Reading: Chapter IX
Homework: 9.1, 9.5, 9.7, 9.9, 9.10.
Regular Solutions:
Most solutions are non-ideal. The interactions between AA, BB, and AB are in general
different. In such cases, the activity coefficients are composition dependent. There

Lecture 6
Reading: Chapter Three
Homework: None
Proof of S being a state function:
A state function has exact differential. For any given function Z=Z(x,y), unique,
single-valued, and differentiable, dZ=Mdx+Ndy is an exact differential if
M
N
.
y

Lecture 14
Reading: Chapter V
Homework: 5.2, 5.8, 5.10, 5.12.
Gibbs-Helmholtz equation:
(1) Consider a process at constant pressure and composition (using G and/or H !):
dG
S
dT
dG
G
G H TS H T
S
dT
T P
dG
H G T
So,
dT
Since,
d G
G 1 dG
2
dT T

Lecture 25
Reading: Chapter IX
Homework: none
Theory of Solutions:
PA0
A(s or l)
Pure A
Equilibrium between a condensed phase (an element or compound or a multi-component
solutions) and the gas phase implies that the chemical potential of every component

Lecture 20
Reading: Chapter VII
Homework: 7.1, 7.3, 7.5, 7.8
More on vapor pressure over the solid phase:
We have shown that
dP H g (T ) H s (T )
dT
P
RT 2
What is H g (T ) H s (T ) ?
This is simply the enthalpy of sublimation (evaporation). Suppose we kn

Lecture 4
Reading: Chapter Two
Homework: 2.1,2.3,2.5,2.7
Reversible Adiabatic Process for an Ideal Gas:
q = 0, so dU = -w
In an adiabatic process,
Consider one mole of idea gas,
dU = CV dT
For a reversible process,
w = PdV.
Thus
CV dT PdV
RT
dV .
V
Integ

Lecture 29
Reading: Chapter X
Homework: None
Free energy composition diagram for a homogeneous solid solution:
We will discuss a binary solution of A and B. Although we will discuss a solid solution,
the analysis is equally applicable to a liquid solution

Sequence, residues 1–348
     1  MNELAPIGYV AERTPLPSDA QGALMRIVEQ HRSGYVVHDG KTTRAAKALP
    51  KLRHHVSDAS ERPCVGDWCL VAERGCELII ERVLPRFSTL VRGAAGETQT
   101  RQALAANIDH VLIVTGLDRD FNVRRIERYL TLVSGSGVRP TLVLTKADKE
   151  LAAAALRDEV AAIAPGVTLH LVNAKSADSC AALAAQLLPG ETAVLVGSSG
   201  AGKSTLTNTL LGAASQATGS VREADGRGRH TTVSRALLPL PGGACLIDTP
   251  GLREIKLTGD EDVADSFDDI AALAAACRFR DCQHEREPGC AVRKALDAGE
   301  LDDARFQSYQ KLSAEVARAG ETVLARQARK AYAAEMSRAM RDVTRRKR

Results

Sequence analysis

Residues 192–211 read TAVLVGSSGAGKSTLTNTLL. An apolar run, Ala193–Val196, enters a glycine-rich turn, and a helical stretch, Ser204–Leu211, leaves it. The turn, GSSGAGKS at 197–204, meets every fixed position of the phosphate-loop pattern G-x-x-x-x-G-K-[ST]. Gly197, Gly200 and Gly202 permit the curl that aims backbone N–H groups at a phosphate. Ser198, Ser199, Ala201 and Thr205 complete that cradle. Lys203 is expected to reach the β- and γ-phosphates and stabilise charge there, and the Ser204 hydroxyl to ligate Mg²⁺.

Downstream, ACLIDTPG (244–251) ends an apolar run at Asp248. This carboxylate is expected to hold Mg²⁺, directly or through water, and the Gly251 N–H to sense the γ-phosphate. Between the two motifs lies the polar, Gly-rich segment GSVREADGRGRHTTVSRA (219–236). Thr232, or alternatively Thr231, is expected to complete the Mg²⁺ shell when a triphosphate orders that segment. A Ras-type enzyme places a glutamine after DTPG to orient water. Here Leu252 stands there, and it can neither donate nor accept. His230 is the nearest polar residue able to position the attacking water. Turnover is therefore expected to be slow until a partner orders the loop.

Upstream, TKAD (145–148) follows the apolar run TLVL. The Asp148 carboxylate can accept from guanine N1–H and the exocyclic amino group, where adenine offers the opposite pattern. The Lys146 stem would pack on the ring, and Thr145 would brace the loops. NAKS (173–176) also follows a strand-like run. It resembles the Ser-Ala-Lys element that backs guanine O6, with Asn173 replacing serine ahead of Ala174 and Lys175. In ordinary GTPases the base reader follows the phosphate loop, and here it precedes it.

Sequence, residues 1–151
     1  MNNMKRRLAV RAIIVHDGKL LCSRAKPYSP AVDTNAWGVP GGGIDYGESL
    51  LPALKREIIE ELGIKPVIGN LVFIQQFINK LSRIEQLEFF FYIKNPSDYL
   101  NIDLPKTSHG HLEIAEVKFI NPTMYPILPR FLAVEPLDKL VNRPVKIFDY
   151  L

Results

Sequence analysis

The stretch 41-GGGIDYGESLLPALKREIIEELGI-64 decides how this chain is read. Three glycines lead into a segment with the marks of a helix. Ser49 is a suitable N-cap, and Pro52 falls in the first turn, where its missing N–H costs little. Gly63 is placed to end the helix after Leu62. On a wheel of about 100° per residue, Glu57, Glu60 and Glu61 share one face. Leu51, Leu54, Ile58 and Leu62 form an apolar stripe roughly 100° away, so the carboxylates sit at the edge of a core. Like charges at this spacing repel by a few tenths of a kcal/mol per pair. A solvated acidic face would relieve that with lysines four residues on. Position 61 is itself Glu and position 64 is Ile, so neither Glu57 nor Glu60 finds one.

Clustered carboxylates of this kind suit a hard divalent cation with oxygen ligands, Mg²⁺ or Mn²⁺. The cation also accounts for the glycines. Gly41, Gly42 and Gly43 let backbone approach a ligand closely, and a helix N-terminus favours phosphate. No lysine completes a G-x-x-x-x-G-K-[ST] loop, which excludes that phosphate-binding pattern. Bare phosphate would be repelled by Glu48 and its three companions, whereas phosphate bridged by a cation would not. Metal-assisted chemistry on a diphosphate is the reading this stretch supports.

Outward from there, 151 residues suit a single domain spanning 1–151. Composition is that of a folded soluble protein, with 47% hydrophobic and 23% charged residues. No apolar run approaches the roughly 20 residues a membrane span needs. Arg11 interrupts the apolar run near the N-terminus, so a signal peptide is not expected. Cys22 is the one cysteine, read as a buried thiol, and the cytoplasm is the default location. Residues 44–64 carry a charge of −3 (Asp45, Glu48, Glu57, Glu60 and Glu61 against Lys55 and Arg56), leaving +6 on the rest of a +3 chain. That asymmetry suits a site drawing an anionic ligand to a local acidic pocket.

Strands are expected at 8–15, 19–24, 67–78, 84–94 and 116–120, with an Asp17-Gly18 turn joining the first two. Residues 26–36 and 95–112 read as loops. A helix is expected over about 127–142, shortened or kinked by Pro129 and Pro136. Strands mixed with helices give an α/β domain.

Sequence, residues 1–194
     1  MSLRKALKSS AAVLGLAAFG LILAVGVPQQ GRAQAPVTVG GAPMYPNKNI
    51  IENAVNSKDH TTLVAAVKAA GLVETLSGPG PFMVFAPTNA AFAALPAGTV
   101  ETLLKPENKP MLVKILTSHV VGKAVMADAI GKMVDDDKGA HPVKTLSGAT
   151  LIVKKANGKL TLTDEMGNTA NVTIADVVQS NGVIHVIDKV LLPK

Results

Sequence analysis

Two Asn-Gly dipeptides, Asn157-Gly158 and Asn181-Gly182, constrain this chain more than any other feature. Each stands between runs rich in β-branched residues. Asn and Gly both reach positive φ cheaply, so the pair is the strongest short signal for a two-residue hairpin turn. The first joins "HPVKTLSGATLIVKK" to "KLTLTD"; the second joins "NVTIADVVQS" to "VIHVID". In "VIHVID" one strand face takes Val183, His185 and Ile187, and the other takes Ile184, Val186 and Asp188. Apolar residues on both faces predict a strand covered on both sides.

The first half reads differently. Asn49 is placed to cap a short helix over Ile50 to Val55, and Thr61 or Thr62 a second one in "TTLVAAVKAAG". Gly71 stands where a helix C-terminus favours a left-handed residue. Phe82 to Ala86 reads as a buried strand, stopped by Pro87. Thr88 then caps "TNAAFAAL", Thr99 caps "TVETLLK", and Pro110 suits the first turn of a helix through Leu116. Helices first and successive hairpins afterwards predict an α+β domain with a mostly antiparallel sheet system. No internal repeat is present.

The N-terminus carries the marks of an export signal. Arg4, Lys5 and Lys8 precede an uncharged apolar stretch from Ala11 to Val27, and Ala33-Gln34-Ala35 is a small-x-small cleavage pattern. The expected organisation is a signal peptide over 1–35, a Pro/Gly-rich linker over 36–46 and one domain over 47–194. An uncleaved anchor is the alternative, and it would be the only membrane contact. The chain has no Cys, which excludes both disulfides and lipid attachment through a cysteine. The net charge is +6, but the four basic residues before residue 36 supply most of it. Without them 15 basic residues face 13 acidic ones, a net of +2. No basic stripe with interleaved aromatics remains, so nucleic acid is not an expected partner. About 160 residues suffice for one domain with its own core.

Lecture 10
Reading: Chapter Four
Homework: None
The effect of temperature (:
As we are considering a closed system, i.e., N ni is fixed, with a constant
i
volume, i.e. energy levels, i, are fixed. For the most probable distribution,
N
ni exp( i ) .
Z
Now,

Lecture 16
Reading: Chapter VI
Homework: None
The empirical function of constant-pressure heat capacity:
In general, the experimentally measured CP is given as an empirical function of
temperature:
C
C P a bT 2
T
The dependence of Enthalpy and Entropy on

Lecture 18
Reading: Chapter VII
Homework: None
Gibbs Phase Rule:
F= C-P+2
C= Number of components
P= Number of phases
F= Degree of Freedom
Application to a one-component system:
C=1, so, F=3-P
Thus, the maximum number of phases is 3 when F=0. When the deg

Lecture 11
Reading: Chapter Four
Homework: 4.1,4.3,4.4
Boltzmann Equation:
Consider adding a small amount of heat to a system of fixed V and T, So, w = 0.
First law:
So,
dU q w q
q dU
dS
T
T
also, ln N ln Z U / k B T
dU
dS
d (ln )
k BT k B
dS k B d (ln

Lecture 34
Reading: Chapter X
Homework: 10.1, 10.3, 10.5, 10.6, 10.7
Regular solution with <0: order-disorder phenomenon:
1
N A Z cfw_h AB (h AA hBB )
2
<0, AB bonds are stronger than AA and BB bonds.
GM H M TS M
x A x B RT cfw_x A ln x A x B ln x B
No

Lecture 27
Reading: Chapter IX
Homework: None
Partial Molar Quantities of Binary solutions:
Non-ideal Solutions:
G A G A0 RT ln a A G A0 RT ln x A RT ln A
GB GB0 RT ln a B GB0 RT ln xB RT ln B
GM x A (G A G A0 ) x B (GB GB0 )
x A RT ln x A x B RT ln x B

Lecture 23
Reading: Chapter VIII
Homework: None
Enthalpy and Entropy of Evaporation of Van der Waals Gas:
Vl is the molar volume of the liquid in coexistence with vapor at temperature T<Tc, and
the corresponding pressure (standard vapor pressure). Vv is t

Lecture 9
Reading: Chapter Four
Homework: None
Determination of the most probable distribution:
The basic postulate of statistical mechanics is that each microstate is equally
possible. Thus, the number of microstates in a given distribution defines the
p